Elections in Costa Rica: The presidential candidate Carlos Alvarado Quesada won on Sunday the presidency of Costa Rica, in an election race that exposed deep divisions in the country around religion and homosexual marriage.
According to the Supreme Electoral Tribunal, the representative of the Citizen Action Party (PAC) won more than 60% of the votes, compared to 39% of his opponent, the evangelical preacher Fabricio Alvarado, of National Restoration.
With almost 96% of the polling tables counted, the electoral body registered a participation of 67.03%, very far from the forecasts that predicted a high level of abstention.
“My duty will be to unite this Republic to take it forward, a united nation that shines among the nations,” the winner wrote in a series of this after learning the results.
“We have to carry out a great task of taking the country forward and it is time,” he added.
A little before, Fabricio Alvarado acknowledged his defeat.
“I congratulate Carlos Alvarado, once I gave the results of the Supreme Electoral Tribunal, I called him, I gave him my congratulations and I told him that he can count on us to walk the Costa Rica that we all love.” I send my respect and my love “, he claimed.
The Costa Ricans elected their president in the second round, between a religious leader, defender of a conservative position, and a former government minister, now the winner, over whom he weighed to be a candidate for a political party accused of corruption.
It was the third time in history that Costa Rica needed to go to a second round to elect its president.
And, according to the polls, a few months after the first round last February, no candidate was emerging as a favorite and none convinced beyond their training.
The doubts led to 13 parties presenting their proposals, but the high number also meant a dispersion of voting intentions during that first round.
Then, the candidate of the National Restoration Party, placed at the head of the vote with 24.78% of the vote, compared to 21.74% of the representative of Citizen Action.
But to win the presidency, a minimum of 40% of the votes is required.
Who is Carlos Alvarado
This politician born in 1980 barely has four years of experience in public office.
Journalist of training, he served as the advisor to the PAC faction in the Legislative Assembly between 2006 and 2010.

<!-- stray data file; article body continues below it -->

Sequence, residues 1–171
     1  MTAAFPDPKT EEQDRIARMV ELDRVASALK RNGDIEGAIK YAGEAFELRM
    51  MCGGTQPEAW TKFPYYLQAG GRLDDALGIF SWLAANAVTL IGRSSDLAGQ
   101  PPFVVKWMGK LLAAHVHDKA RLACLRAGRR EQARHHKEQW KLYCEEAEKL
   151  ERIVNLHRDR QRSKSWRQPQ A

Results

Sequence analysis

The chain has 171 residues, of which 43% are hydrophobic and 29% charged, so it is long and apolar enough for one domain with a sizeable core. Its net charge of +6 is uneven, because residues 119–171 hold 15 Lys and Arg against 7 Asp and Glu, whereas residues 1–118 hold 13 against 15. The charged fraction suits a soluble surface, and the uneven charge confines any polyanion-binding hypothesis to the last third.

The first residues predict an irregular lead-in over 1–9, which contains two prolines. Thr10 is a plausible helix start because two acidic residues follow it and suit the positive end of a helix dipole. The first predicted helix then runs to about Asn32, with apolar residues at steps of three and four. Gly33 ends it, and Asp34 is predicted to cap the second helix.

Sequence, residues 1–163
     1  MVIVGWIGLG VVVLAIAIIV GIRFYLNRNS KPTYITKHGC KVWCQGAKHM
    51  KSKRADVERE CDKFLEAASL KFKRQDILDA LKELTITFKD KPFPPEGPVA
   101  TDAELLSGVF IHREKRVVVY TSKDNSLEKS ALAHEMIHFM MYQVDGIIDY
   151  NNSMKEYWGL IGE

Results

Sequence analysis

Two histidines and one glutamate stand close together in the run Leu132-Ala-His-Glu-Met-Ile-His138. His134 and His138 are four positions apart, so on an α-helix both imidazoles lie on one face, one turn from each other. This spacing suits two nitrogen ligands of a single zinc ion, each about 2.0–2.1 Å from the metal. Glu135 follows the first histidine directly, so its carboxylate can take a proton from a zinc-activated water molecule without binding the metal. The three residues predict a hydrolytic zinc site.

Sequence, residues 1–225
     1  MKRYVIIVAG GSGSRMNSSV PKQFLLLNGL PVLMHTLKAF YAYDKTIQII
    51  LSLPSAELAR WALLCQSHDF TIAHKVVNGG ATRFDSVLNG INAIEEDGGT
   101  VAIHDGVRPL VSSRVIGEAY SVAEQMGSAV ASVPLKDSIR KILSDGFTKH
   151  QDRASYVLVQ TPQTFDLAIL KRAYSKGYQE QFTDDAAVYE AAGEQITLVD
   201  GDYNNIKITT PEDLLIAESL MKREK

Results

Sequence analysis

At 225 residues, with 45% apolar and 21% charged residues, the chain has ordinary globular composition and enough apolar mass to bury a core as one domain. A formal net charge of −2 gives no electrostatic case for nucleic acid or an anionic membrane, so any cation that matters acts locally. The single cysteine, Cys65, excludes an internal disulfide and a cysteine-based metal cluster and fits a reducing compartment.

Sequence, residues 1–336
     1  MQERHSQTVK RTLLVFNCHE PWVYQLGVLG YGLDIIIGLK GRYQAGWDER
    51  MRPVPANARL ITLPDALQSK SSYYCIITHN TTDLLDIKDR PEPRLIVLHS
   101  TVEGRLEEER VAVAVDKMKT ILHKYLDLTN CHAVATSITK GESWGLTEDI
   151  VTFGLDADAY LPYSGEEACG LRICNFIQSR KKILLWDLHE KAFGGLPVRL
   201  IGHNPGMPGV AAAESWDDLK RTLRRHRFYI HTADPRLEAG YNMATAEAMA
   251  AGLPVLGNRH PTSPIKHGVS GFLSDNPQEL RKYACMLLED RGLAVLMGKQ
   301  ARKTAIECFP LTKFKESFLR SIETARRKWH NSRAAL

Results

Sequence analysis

Then he went to the Institute of Development Studies in the United Kingdom; from there, he held a management position in Procter & Gamble Latin America and was the director of the campaign of the now outgoing president.
It was he who gave him the opportunity to premiere in politics at the beginning of this government when he was appointed the executive president of the Mixed Institute of Social Assistance (IMAS).
He was also Minister of Human Development and Social Inclusion and two years later was in charge of the Labor portfolio, since he left in early 2017 to register as a candidate in the internal convention of his party and win comfortably.
In addition to a bachelor’s degree in Collective Communication and a master’s degree in Political Science from the University of Costa Rica, she holds a master’s degree in development studies from the University of Sussex, in the United Kingdom, and has published a compilation of stories and three novels.
As a presidential candidate, he had to face criticism against his party for the “cementazo” or case of the Chinese cement, the most notorious corruption scandal in the country, which was forged during the current government and sprinkles officials of the three powers.
Meanwhile, its supporters recognize the social, educational and environmental proposals, but especially its position in favor of the union of people of the same sex be legally considered marriage.
The equal marriage
The normal course of the electoral process underwent a change last January when the opinion of a consultation made to the Inter-American Court of Human Rights changed the entire electoral landscape.
The debates would not focus thereafter on issues such as the growing fiscal deficit, record crime and persistent poverty in the Central American country, but around the failure.
The consultation validated same-sex unions for the member states of the Court, which would de facto force the Costa Rican government to allow this type of unions.
And in Costa Rica, a country with a majority Catholic and conservative population, public opinion was divided, the most vocal wing was alarmed and the candidates found in the ruling a door to enter the most intolerant sector of society.
Fabricio Alvarado took advantage of his gifts as a preacher and his influence among religious communities to win over the most radical sector of Costa Rican conservatism.
He assured that he would disregard the opinion of the Court, which very soon placed him among the favorites.
He charged his speech against the right of people of the same sex to join legally, what he called the “gender dictatorship”, and against homosexuality, which he considered a “deviation”.
The rise of the conservatives also gave impetus to Carlos Alvarado, a 38-year-old former minister and close ally of center-left president Luis Guillermo Solis, who was regaining ground despite the disenchantment of its bases for corruption cases that splashed the Executive.
The official candidate opted to make his speech more conservative and promise stability and experience for his government, although he was also more open to unions of the same sex, which won him the rejection of the more traditional sector.
A total of 3.3 million Costa Ricans were summoned this Sunday to the polls to elect the president.
The outgoing president of Costa Rica, Luis Guillermo Solis, will end his government on May 8.